Heads of House or form tutors will be able to tell the boys their points total. This encourages our boys to maintain their points and try harder to keep them. We are currently working on a way to enable parents to have access to this information from September.

Provide a tangible deterrent for negative behaviour

If our boys lose points for displaying negative behaviour, they understand that there are consequences:

– For every 3 SDfL points lost boys will serve an SDfL detention after school for 60 minutes.

– If a boy drops below 15 points his form tutor will monitor his behaviour and support him to improve.

– If a boy drops below 10 points his Head of House will monitor his behaviour and support him to improve.

– If a boy loses all of his SDfL points for a single incident or an accumulation of points-loss he will be expected to spend a minimum of 2 days in our Internal Exclusion provision.

Students will receive detentions each time they lose 3 SDfL points, either on a one off or as an accumulation. We will continue to text parents regarding these after school detentions so they are fully aware. We are working on a way that parents can see a live point total and details of points lost; this should be in place for September.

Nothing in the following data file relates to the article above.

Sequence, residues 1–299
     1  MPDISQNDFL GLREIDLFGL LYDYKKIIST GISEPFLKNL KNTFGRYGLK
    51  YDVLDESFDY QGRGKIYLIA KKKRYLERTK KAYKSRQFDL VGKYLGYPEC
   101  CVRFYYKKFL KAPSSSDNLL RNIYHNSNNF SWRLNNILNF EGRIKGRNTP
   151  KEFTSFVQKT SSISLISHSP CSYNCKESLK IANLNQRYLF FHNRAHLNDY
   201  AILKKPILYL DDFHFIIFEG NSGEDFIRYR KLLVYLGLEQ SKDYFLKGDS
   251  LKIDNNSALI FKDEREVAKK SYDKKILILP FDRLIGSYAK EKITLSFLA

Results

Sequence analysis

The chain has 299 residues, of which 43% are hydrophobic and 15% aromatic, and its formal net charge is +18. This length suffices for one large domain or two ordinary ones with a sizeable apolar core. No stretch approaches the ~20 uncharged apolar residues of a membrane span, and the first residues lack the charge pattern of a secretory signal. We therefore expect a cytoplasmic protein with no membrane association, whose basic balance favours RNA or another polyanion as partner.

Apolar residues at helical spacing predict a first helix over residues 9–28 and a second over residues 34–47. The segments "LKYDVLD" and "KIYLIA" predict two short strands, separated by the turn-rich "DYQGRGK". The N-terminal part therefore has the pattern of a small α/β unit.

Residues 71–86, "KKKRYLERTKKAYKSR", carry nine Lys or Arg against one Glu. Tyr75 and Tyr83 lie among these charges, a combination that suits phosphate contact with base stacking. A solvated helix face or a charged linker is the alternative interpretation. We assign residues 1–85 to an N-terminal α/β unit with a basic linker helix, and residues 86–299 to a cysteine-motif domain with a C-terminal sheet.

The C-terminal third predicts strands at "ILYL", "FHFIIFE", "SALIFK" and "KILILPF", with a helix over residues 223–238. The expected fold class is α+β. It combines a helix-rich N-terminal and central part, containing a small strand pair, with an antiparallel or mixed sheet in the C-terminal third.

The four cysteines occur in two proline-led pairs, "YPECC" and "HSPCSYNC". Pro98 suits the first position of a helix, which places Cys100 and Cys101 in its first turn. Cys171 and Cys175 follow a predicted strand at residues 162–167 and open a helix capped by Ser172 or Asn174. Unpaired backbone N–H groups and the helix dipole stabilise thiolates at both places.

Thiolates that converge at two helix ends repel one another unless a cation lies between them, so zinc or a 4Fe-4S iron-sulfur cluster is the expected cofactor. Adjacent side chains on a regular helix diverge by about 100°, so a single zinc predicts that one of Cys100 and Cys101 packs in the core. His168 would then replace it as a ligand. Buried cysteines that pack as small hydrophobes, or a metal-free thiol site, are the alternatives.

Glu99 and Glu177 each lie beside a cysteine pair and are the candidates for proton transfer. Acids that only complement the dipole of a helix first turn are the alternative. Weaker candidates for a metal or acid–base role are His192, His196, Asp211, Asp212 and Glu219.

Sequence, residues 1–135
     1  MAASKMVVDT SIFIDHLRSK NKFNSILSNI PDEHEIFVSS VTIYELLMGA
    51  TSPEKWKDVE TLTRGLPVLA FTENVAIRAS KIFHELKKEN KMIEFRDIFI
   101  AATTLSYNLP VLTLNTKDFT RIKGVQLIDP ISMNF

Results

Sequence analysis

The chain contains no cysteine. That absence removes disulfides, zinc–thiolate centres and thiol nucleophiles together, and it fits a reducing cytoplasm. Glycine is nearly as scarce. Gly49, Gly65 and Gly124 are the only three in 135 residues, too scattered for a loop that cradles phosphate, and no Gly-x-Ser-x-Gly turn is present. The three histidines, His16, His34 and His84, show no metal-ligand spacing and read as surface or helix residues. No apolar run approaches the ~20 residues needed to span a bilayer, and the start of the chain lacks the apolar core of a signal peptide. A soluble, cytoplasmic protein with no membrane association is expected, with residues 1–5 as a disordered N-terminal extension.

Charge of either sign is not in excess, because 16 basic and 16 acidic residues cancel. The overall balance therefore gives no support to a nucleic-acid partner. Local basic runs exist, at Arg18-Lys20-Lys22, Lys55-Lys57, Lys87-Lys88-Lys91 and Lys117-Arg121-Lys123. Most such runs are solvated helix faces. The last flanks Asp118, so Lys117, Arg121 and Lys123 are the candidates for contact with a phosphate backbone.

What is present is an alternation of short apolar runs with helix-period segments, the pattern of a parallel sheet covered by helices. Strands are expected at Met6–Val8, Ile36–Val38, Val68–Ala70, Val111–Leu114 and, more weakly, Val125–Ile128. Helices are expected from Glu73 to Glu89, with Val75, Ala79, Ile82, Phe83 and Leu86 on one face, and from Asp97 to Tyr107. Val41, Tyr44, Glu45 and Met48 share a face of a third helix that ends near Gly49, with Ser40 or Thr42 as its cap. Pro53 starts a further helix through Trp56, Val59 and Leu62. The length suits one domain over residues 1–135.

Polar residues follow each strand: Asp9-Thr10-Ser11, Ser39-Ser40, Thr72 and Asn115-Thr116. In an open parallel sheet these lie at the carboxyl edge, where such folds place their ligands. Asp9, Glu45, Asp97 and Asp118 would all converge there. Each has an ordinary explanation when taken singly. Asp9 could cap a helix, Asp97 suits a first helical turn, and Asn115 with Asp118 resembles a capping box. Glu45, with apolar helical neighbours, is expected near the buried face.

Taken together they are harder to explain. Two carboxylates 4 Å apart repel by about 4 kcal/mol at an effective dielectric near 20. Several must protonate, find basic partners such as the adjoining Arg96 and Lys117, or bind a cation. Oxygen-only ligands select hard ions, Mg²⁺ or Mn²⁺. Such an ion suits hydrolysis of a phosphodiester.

Working alongside a teacher’s responsibility to manage behaviour and right to discipline rather than replacing it

– It is a teacher’s right to discipline, and it is also their responsibility to ensure that behaviour is managed and doesn’t affect the progress of those in the class. Our staff take this responsibility very seriously; we want the highest standards for all of our boys.

– The points system assists this as it provides guidelines so that there is a more consistent set of expectations across all classrooms. This helps the boys to moderate and self-regulate their own behaviour whilst keeping the classroom teacher at the heart of what is going on in the classroom.

– The system allows staff to fulfil their right to discipline and to manage their classrooms to the highest standard by using SDFL as an ‘end of the road’ deterrent. It is part of the range of techniques used to ensure that the school is an orderly and well-managed environment.

Monitoring behaviour patterns and intervening where necessary